- "I Live in Dystopia"1
[practicing social-distancing in Florida]: How are you, my friend?
[practicing social-distancing in Northern Italy]: I live in dystopia!
Don't forget, even utopias are dystopias. How are you and Ben?
We are fine. It's only that everything is crazy, and I watch the news with all those bulletins spasmodically, as if they could keep us away from the virus. I hope my mother won't get it. We are extremely careful, but this is a freaky bug, extremely contagious. At the beginning, mostly the elderly had serious problems, but now it's people in their 40s and younger. And besides projections from data, nobody knows, really: nobody knows even for how long after they recover, people are still carriers of the bug. And on top of that, once this thing is over, we won't have healthcare anymore, because we'll be completely bankrupt!
Did Agamben shit the bed on all this?2 That's what the academic-hive thinks. Some piece of short writing of his came to light and all the anti-Agamben people came out to cancel him.
Yes. You cannot think metaphorically and politically right now. It was the beginning of the epidemics. Same thing happened to Wu Ming [the Italian collective of writers], who were trying to ignite a political reading of the meaning of the curfew, of social containment, of the endless machine of control that this pandemic prepares.
Italians have also scapegoated him, too?
Yes. But except for a few disingenuous comments, what was regularly criticized is the exhaustion of the paradigm of the state of exception that he [End Page 29] has been sort of using as a formula. This, together with the contingencies of this epidemics, that he was skeptical about, made of him an easy scapegoat. I think that over again, whenever something scientifically hard hits the soft side of our lives, the default conceptual paradigm is realism/ontology (ontology of numbers, ontology of the virus, ontology of the prophylaxis, now we have an ontology of containment). And I am saying this not finding Agamben's point particularly well taken, this time.
The point is that "we're in a state of exception." Duh, what new? [Links to Foucault, Agamben, Nancy, Esposito, Benvenuto, Dwivedi, Mohan, Ronchi, and de Carolis 2020].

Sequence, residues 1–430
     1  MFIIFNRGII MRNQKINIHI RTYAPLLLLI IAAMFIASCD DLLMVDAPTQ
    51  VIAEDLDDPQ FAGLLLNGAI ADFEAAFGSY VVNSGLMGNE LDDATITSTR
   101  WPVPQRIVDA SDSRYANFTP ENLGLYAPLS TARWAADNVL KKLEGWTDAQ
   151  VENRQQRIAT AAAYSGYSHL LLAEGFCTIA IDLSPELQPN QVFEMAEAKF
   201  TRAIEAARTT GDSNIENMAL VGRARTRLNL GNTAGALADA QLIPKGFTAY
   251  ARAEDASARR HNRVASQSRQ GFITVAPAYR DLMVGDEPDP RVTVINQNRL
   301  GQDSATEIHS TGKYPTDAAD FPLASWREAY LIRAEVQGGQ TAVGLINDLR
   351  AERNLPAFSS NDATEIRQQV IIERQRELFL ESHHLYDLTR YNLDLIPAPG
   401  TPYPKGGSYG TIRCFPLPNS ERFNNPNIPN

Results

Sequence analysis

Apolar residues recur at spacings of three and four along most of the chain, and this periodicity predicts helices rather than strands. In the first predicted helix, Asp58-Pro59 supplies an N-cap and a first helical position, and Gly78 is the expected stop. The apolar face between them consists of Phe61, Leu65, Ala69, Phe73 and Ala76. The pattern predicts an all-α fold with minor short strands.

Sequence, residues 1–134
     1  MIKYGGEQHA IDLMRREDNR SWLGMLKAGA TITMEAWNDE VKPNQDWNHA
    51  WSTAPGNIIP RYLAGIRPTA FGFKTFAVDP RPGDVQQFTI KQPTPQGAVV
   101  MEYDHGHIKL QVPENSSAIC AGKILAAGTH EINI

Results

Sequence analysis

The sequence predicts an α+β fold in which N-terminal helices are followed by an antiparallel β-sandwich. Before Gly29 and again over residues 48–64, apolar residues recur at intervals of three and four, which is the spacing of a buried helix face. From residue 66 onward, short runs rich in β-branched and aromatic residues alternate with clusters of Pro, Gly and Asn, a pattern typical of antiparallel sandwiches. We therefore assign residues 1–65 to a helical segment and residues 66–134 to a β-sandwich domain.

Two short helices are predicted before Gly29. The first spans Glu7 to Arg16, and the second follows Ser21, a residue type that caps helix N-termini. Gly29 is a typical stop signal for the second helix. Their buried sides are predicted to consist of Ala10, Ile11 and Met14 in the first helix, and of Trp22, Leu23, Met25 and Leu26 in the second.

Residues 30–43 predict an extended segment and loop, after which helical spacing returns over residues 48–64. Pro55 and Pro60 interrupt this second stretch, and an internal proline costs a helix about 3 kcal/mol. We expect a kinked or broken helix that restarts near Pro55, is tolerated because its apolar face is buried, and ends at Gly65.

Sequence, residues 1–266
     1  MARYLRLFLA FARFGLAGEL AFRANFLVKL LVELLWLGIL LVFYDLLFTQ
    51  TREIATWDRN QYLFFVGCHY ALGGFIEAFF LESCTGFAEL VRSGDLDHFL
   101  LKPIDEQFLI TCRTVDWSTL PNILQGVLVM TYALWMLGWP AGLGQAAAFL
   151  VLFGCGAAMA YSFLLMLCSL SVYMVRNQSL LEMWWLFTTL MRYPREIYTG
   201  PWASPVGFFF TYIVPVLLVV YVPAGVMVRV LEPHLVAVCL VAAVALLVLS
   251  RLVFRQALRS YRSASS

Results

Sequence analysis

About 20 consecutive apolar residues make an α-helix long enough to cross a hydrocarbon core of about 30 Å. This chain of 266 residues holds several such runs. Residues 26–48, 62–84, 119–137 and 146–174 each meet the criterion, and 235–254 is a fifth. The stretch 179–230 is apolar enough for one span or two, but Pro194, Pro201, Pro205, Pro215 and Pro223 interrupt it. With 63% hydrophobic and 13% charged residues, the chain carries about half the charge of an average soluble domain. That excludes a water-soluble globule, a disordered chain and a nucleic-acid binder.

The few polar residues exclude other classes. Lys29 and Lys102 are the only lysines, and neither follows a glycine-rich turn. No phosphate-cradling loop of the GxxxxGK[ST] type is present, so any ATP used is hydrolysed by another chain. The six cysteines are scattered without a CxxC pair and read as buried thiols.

So, right now in Italy we have the military, with their sad display of columns of trucks carrying all those coffins from Bergamo to dispatch them to the crematoria. Then we have the military forcing back inside people still apparantly hanging out outside. Then we have the governors from the different regions announcing they are going to track people through their cellphones…This condition—the condition instituted by this endless machine of fear, social fear, and social control—is something that we need to have a discussion about, sooner or later. This, of course was evoked by Agamben in his point about how the pandemics offers the pretext for extraordinary, "exceptional" concentration of power and sovereignty that run against the state of law, becoming increasingly normalized, or even paradigmatic of forms of control ever more intrusive, and surreptitiously permanent.
The objection is "too soon for theory"?
There are several ways of using the military. There are also different kinds of semantics to address the epidemics and the current state of events. Yet, it's always about "war" against, rather than—for instance—outsmarting a virus, assimilating, engaging with, relating to that we will have to coexist with.
Meanwhile the Professors are just the Aloe Vera part of Hand Sanitizer? Write poems. Good ones. Not about the coronavirus.
No. I think—at least from what I have read—that the point was rather that Agamben was way too much into an exclusively bio-political reading of power, so much that, that paradoxically he forgot both the "bio"-viral component of the phenomenon and its (again paradoxically) bio-political consequences, those very consequences we are currently witnessing: the collapse of the public healthcare infrastructure unable to care for all the prospective...